· the maximum ceiling on own resources is fixed at 1.29 % of gross national income (GNI) of the EC/EU (+/- 70% of the resources);
· traditional own resources - essentially customs and agricultural duties - minus 20% retained by the Member States as collection costs (+/- 15% of the resources);
· 0.5% of the maximum call-in rate from VAT resources, aiming at correcting the regressive aspects of the system for the least prosperous Member States (+/- 15% of the resources);
· technical adjustments aiming at the correction of budgetary imbalances in favour of the United Kingdom and originating in the famous battle cry of Margaret Thatcher of 30 November 1979: "I want my money back".
However, EU expenditures still represent little more than one percent (actually 1.03%) of the EU gross national income (GNI). More than 90% of the receipts of the European Union are redistributed to the 28 Member States and serve to finance the objectives of the various common policies (redistributive function of the Union budget). Thus, out of a total € 155 billion in commitment appropriations of the 2016 budget, the most important commitments were: € 69.8 billion (45.0% of the total) for smart and inclusive growth, including regional growth and cohesion, employment, research, energy and transport networks, education and training; € 62.5 billion (40.3% of the total) for sustainable growth and natural resources, including agriculture, rural development and the environment; and € 4.1 billion (2.6% of the total) for security and citizenship. Only € 9.2 billion (5.9% of the total) were allotted to 'Global Europe', i.e. EU actions outside the Member States, including pre-accession aid for candidate and potential candidate countries, the neighbourhood policy and aid to development and humanitarian efforts around the world. The administrative costs of EU institutions and organisms amounted to € 8.9 billion (5.7% of the total commitments).
The multiannual financial framework (MFF) is the EU's long-term budget framework that translates the political priorities of the Union for a period of at least five years in economic terms. Actually, the total commitment appropriations of the MFF for the years 2014 to 2020 are fixed at 959.988 billion EUR [Regulation 1311/2013, last amended by Regulation 2015/623]. Annual budgets must be compatible with the MFF. The MFF enforces financial discipline ensuring that the Union's expenditures are growing in a predictable way and within the limits of own resources. It also facilitates the procedure for reaching agreement on the EU's annual budget between the Council and the European Parliament, which are the two institutions responsible for the adoption of the Union's budget.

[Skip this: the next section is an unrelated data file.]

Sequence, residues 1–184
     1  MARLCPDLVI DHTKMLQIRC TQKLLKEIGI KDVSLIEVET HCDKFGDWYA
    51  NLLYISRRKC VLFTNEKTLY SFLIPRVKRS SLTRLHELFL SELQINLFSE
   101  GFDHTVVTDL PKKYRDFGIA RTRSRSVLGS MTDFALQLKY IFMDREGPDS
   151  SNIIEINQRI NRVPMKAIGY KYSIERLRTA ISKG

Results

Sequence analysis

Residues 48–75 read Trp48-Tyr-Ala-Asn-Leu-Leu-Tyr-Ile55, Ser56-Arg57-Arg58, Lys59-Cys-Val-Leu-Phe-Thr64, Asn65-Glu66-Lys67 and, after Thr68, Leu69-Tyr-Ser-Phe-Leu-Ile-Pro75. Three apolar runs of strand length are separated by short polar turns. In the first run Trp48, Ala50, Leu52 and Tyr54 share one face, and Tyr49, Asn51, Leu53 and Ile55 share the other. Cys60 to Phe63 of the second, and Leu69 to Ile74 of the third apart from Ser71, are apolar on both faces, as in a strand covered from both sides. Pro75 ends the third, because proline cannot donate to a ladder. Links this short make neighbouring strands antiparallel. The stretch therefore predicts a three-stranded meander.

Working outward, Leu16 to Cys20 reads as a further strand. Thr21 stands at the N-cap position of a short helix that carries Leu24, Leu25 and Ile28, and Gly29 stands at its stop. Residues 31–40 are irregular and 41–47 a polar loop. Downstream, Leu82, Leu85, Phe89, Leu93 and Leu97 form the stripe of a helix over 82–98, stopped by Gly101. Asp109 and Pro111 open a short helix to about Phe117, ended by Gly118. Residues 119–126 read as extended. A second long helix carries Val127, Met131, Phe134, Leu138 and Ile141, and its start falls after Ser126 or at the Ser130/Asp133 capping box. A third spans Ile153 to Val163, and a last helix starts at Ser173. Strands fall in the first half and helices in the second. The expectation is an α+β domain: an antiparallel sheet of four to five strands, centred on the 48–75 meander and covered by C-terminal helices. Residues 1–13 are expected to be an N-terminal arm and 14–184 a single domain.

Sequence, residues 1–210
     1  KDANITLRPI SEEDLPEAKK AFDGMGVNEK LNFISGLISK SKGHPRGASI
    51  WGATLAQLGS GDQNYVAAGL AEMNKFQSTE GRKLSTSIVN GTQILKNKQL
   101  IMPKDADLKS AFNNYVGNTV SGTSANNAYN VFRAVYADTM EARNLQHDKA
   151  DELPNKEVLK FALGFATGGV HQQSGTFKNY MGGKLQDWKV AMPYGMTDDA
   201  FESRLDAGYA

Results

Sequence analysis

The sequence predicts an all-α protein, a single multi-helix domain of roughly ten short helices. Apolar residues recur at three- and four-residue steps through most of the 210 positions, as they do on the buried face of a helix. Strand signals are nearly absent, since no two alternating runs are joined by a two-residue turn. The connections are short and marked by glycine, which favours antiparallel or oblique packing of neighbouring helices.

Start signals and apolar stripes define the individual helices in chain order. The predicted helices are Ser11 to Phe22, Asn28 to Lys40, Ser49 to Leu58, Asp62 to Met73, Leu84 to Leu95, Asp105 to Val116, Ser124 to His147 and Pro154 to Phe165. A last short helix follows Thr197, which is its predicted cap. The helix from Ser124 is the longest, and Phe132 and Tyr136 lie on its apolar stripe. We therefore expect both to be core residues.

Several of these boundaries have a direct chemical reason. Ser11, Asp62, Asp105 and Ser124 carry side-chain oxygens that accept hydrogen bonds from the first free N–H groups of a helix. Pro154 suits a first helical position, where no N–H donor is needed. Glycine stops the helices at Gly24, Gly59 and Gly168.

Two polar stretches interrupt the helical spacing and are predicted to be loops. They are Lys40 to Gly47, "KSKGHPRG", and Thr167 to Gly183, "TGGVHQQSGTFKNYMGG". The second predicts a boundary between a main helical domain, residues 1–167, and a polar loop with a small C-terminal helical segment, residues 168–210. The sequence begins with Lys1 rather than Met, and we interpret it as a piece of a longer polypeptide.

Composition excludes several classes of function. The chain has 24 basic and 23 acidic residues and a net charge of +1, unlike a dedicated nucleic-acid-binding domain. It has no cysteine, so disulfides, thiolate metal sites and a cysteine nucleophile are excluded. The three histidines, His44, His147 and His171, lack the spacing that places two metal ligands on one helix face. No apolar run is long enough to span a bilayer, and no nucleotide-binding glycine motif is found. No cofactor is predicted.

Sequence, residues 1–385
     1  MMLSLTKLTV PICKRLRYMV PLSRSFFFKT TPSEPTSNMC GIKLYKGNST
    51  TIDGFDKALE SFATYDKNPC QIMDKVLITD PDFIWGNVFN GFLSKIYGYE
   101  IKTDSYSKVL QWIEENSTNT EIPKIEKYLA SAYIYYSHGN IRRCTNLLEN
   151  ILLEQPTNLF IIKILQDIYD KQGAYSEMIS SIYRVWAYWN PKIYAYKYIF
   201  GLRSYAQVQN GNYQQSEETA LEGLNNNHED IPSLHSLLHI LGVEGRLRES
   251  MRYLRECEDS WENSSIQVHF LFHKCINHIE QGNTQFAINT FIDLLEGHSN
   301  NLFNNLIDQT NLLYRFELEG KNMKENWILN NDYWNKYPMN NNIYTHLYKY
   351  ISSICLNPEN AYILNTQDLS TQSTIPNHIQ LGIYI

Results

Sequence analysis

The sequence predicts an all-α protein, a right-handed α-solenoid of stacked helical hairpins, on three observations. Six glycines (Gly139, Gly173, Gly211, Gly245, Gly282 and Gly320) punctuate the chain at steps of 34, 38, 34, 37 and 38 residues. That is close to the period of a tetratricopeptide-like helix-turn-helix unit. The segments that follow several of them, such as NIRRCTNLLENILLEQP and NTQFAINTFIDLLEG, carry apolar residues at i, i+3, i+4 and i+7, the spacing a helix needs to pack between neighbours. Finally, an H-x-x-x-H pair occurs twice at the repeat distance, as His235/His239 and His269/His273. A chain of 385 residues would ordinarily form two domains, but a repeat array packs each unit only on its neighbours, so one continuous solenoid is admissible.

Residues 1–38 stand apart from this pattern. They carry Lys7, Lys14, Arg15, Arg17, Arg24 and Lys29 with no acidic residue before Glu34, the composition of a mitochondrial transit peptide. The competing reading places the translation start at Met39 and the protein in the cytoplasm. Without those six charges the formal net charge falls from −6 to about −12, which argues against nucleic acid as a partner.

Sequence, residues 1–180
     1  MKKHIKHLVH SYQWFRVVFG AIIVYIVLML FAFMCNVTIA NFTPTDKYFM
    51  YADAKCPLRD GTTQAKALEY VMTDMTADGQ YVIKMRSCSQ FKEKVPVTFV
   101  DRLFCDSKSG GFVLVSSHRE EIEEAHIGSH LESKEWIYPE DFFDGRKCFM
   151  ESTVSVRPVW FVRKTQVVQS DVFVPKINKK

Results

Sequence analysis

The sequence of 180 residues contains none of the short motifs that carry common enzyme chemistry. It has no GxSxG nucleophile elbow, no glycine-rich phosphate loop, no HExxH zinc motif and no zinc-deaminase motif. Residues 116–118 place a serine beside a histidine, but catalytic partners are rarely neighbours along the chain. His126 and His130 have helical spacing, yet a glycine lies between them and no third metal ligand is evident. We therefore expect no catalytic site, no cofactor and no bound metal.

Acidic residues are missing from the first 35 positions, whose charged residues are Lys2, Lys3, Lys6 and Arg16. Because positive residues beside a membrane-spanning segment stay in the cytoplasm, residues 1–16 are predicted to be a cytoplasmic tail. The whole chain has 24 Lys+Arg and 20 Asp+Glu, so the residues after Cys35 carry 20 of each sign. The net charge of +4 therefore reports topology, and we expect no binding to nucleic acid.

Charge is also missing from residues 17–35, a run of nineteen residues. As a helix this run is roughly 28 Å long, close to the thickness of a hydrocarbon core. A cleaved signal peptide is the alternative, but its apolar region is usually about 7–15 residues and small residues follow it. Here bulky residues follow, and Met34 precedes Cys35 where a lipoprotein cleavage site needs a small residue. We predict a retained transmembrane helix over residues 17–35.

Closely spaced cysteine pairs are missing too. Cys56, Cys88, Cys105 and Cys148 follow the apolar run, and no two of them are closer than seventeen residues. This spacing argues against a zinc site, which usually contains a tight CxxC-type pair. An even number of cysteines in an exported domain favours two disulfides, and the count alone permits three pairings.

Each year, the European Commission prepares the preliminary draft budget, and submits it to the Council in April or early May, taking account of the multi-annual financial perspective in force and the budget guidelines for the coming year. The budgetary authority, consisting of the Council and the European Parliament, amends and adopts the draft budget, the latter having the final word, as it may reject the budget, in which case a system of provisional twelfths applies until the two branches of the budgetary authority reach an agreement. An Interinstitutional Agreement between the European Parliament, the Council and the Commission aims to implement budgetary discipline and to improve the functioning of the annual budgetary procedure and cooperation between the institutions on budgetary matters as well as to ensure sound financial management [last amended by Decision 2009/407].
The Treaty of Lisbon abolished the distinction between ''compulsory'' expenditure (i.e. resulting from the treaties and the decisions adopted pursuant thereto) and ''non-compulsory'' expenditure, with the result that the European Parliament and the Council have equal powers for the whole budget (Articles 14 TEU and 314 TFEU), which is renamed from ''budget of the European Communities'' to ''Union budget'' (Article 310 TEU).
The management of the Union budget is entrusted to the Commission (Article 317 TFEU, ex Article 274 TEC) and is exercised according to a Financial Regulation, which sets the principles and ground rules governing the establishment and implementation of the budget and financial control, ensuring more efficient and effective management and control of European taxpayers' money [Regulation 966/2012, last amended by Regulation 2015/1929 and Regulation 1268/2012]. Article 325 TFEU (ex Article 280 TEC) stipulates that the Member States must coordinate their action aimed at protecting the financial interests of the Union against fraud and must take the same measures to counter fraud affecting the financial interests of the Union as they take to counter fraud affecting their own financial interests [COM/2000/358].